Neurodegenerative diseases such as Alzheimer’s, Parkinson’s and amyotrophic lateral sclerosis (ALS) all share a disease hallmark, the aggregation of “misfolded” proteins. Understanding the molecular processes underlying protein aggregation and how it leads to disease is an important step toward developing new therapies. Now, researchers at the University of Cambridge, in collaboration with the University of Toronto, looked at how the protein FUS, whose mutations are related to ALS, undergoes important “phase transitions” with an impact on RNA translation.
The study in which they describe their findings is entitled “ALS/FTD Mutation-Induced Phase Transition of FUS Liquid Droplets and Reversible Hydrogels into Irreversible Hydrogels Impairs RNP Granule Function” and was published in the journal Neuron.
Approximately 10%-15% of patients with frontotemporal degeneration (FTD) also present degeneration of motor neurons leading to muscle weakness such as in ALS, a syndrome known as ALS/FTD. Deposition of RNA binding proteins (RBPs) is found in the nucleus and cytoplasm of neurons in the brain and spinal cord of ALS/FTD patients. FUS is one of those RBPs, which plays a key role in translating RNA into proteins. RBPs have weakly structured protein domains, known as unfolded domains, allowing the protein to undergo reversible “phase transitions.”
The team found that FUS changes back and forth from a fully soluble ‘monomer’ form into liquid-like droplets and then further condense into jelly-like structures, known as hydrogels. These “phase transitions”enable the cell to transiently concentrate the machinery for RNA transcription and translation within a restricted three-dimensional space. This process is probably faster and less energy-costly than having a limited membrane and structured organelle, and it may be crucial for protein synthesis in nerve cell axons of motor neurons.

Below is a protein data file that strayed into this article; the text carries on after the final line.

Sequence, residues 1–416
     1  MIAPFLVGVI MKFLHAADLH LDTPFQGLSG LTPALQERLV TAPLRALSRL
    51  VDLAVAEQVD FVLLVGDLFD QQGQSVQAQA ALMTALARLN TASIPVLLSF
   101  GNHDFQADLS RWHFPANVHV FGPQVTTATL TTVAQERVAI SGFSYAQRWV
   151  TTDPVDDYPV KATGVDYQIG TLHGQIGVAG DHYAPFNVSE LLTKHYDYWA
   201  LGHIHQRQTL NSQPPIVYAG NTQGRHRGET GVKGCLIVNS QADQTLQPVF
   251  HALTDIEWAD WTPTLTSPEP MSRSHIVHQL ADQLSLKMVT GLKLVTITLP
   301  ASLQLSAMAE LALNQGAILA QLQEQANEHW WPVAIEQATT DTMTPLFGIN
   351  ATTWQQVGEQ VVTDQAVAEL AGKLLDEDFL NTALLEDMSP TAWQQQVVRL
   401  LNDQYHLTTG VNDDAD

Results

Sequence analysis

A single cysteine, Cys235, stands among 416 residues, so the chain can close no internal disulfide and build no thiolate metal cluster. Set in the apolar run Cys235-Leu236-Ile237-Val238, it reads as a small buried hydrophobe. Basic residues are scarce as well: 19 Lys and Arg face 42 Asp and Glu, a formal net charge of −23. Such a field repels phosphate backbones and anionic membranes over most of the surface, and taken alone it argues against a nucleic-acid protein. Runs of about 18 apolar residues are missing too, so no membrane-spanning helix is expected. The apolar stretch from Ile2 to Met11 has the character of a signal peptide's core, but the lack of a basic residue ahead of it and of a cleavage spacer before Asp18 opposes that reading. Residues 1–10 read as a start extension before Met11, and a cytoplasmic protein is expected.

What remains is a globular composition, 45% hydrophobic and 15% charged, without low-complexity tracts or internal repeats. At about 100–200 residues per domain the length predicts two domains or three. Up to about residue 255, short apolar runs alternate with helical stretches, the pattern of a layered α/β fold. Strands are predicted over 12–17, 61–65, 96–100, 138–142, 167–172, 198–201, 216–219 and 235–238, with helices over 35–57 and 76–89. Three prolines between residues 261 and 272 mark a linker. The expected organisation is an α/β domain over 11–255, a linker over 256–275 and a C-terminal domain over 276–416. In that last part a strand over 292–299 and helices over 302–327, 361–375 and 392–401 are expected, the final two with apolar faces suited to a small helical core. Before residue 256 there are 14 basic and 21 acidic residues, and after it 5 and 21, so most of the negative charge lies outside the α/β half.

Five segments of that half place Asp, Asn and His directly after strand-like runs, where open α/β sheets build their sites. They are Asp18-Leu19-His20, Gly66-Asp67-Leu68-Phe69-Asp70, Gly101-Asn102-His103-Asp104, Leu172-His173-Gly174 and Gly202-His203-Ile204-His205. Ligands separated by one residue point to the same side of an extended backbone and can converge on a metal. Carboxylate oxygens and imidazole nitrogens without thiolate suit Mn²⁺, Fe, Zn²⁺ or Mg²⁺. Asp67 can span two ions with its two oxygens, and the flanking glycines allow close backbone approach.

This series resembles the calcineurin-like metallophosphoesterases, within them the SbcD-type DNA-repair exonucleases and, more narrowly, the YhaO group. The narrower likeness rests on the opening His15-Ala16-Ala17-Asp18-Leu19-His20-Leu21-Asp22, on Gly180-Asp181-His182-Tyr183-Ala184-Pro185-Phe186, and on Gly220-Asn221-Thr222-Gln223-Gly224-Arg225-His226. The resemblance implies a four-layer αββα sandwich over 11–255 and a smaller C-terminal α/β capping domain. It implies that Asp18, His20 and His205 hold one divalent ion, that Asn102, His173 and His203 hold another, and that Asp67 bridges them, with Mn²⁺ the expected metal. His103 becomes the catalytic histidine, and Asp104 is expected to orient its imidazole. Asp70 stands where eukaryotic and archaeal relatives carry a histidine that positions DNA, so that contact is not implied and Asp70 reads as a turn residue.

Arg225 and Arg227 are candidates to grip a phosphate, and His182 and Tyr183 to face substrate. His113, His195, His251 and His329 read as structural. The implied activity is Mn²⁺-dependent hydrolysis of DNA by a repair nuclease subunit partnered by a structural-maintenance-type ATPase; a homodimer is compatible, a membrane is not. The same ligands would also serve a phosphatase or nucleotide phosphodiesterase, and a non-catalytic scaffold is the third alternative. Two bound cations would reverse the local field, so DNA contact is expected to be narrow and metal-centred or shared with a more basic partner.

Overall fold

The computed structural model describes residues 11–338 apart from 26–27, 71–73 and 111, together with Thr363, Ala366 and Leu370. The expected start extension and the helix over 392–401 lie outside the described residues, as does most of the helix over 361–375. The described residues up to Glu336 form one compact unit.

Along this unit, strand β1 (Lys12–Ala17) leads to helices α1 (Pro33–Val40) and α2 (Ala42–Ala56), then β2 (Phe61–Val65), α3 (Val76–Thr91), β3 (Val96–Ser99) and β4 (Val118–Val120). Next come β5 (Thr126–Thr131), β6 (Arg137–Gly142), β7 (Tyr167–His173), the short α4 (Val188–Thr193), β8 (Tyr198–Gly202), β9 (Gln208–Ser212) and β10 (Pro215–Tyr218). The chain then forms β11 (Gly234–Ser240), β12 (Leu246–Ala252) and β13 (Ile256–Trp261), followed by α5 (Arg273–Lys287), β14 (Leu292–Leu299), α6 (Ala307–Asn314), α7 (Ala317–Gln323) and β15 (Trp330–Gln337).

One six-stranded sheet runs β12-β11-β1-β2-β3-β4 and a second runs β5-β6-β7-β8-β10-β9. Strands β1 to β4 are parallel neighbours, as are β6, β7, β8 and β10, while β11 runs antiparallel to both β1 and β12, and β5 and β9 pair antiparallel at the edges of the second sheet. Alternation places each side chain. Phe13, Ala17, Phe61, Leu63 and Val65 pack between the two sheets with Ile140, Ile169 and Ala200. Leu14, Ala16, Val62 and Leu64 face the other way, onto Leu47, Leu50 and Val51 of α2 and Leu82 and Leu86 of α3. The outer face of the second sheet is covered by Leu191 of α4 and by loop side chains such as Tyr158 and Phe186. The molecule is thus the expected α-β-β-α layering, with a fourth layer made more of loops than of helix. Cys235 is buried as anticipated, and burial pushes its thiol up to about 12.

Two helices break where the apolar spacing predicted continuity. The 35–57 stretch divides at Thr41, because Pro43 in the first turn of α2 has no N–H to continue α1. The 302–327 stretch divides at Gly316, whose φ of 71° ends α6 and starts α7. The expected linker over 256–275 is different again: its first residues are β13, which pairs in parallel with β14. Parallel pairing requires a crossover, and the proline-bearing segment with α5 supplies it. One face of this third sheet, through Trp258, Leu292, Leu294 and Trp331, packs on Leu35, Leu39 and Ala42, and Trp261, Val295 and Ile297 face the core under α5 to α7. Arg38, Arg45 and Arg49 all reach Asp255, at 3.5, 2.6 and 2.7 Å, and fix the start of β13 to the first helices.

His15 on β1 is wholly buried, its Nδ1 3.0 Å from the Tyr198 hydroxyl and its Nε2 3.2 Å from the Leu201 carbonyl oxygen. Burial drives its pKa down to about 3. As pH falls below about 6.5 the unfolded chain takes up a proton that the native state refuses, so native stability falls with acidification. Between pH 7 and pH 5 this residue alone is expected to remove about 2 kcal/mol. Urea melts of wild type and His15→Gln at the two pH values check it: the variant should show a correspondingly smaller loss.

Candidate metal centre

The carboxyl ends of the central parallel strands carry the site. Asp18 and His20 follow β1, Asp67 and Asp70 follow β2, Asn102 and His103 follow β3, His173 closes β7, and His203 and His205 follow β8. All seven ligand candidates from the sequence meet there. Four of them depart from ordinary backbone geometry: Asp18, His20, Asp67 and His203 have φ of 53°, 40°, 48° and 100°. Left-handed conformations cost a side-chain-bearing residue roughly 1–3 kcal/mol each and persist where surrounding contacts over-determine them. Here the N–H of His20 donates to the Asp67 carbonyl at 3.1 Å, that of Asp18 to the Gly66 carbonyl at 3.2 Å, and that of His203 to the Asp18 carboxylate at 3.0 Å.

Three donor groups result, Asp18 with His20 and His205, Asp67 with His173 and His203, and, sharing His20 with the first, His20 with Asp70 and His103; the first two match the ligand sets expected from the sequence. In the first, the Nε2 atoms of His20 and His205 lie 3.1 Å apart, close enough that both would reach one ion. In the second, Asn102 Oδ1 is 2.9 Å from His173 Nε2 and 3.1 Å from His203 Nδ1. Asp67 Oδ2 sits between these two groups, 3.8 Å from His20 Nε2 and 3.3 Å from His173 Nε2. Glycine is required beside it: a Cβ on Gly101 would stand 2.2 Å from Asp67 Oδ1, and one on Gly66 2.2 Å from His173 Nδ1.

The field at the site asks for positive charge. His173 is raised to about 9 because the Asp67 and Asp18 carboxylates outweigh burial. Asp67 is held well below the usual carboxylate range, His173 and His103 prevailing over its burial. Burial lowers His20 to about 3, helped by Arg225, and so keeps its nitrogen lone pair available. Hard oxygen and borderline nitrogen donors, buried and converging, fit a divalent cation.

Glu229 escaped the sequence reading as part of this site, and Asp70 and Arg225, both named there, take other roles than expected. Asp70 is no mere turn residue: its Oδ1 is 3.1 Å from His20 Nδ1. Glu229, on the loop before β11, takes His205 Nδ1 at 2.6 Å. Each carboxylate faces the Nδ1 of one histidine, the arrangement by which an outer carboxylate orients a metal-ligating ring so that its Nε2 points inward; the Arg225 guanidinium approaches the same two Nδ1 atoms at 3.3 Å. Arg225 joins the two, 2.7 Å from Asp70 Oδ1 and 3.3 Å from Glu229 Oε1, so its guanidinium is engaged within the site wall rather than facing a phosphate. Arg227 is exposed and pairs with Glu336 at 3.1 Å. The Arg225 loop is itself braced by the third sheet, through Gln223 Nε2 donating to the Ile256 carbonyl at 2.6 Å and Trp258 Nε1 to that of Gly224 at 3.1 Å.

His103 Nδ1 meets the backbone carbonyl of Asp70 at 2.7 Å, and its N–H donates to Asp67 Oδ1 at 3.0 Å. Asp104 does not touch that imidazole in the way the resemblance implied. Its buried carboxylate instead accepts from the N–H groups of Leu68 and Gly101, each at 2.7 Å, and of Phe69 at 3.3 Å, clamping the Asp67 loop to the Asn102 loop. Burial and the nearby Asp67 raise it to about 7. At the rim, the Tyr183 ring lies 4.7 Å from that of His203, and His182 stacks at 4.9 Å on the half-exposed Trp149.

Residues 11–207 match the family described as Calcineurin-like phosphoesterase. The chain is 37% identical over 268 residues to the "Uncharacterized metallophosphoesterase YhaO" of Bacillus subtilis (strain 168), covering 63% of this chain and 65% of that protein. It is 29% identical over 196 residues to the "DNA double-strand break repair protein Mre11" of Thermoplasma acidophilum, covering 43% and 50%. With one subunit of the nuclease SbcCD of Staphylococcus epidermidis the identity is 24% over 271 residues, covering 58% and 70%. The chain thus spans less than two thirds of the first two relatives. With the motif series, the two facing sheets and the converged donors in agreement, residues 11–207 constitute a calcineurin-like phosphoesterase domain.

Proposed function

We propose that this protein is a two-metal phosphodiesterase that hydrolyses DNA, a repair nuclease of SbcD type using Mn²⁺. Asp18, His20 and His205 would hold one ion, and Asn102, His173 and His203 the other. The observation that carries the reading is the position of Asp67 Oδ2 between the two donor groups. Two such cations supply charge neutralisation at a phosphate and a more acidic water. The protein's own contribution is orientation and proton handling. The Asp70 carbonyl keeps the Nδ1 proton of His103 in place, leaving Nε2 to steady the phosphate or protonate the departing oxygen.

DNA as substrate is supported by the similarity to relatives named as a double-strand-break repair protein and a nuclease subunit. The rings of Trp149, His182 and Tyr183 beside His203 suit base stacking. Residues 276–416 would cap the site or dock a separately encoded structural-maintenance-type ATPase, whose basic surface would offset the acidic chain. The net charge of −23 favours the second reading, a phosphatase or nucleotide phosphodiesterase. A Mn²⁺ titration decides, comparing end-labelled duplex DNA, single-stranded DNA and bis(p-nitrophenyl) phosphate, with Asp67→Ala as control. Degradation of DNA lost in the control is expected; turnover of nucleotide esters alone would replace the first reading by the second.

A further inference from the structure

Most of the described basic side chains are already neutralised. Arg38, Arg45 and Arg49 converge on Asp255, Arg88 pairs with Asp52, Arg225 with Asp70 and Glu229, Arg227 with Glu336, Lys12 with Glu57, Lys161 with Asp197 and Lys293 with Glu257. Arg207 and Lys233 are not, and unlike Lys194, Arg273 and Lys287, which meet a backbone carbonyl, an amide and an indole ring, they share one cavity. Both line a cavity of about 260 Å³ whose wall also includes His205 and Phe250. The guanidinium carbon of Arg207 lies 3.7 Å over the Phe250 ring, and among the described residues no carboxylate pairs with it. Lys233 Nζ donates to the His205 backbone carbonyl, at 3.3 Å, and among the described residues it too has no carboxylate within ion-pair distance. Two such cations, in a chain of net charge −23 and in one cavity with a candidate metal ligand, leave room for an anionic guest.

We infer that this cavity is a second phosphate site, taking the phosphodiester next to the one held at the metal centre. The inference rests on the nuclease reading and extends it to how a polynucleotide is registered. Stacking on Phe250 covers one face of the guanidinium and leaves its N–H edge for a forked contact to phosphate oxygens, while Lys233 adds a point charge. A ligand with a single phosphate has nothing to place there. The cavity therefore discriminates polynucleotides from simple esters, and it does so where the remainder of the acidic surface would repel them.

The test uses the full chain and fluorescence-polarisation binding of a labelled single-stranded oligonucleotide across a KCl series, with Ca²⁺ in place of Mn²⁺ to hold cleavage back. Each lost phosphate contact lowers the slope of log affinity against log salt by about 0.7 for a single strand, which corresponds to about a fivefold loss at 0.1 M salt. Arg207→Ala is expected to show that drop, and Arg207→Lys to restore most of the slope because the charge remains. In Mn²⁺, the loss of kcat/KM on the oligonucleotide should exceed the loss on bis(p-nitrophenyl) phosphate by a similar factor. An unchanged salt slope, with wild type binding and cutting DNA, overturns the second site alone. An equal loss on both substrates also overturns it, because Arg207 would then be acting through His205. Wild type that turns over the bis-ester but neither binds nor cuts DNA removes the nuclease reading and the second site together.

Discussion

Using an experimental model of ALS and frontotemporal dementia (C. elegans), researchers demonstrated that if FUS has alterations to its structure as those found in patients, it could form irreversible thick gels. As a result, important proteins are trapped, preventing RNA translation and causing neurodegeneration.
To illustrate FUS physical behavior, researchers compared it to jelly, since just like jelly, the protein can change between liquid droplets, gelatin fibers or be firmly set. So if FUS is in a hydrogel (gelatin-like) state it holds proteins required for RNA translation, which can be carried to different locals in the cell. But if FUS turns into a condensed jelly, the machinery is trapped and cannot be used by the cell.
Researchers have shown that this happens in disease-causing mutations, which makes these proteins much more prone to spontaneously condense into thick fibrous gels. “We’ve shown that a particular group of proteins can regulate vital cellular processes by their distinct ability to transition between different states. But this essential property also makes them vulnerable to forming more fixed structures if mutated, disrupting their normal function and causing disease,” lead author Peter St George Hyslop explained in a press release. “The same principles are likely to be at play in other more common forms of these diseases due to mutation in other related binding proteins. Understanding what is in these assemblies should provide further targets for disease treatments.”
He concluded: “Our approach shows the importance of considering the mechanisms of diseases as not just biological, but also physical processes. By bringing together people from the biological and physical sciences, we’ve been able to better understand how misshapen proteins build up and cause disease.”
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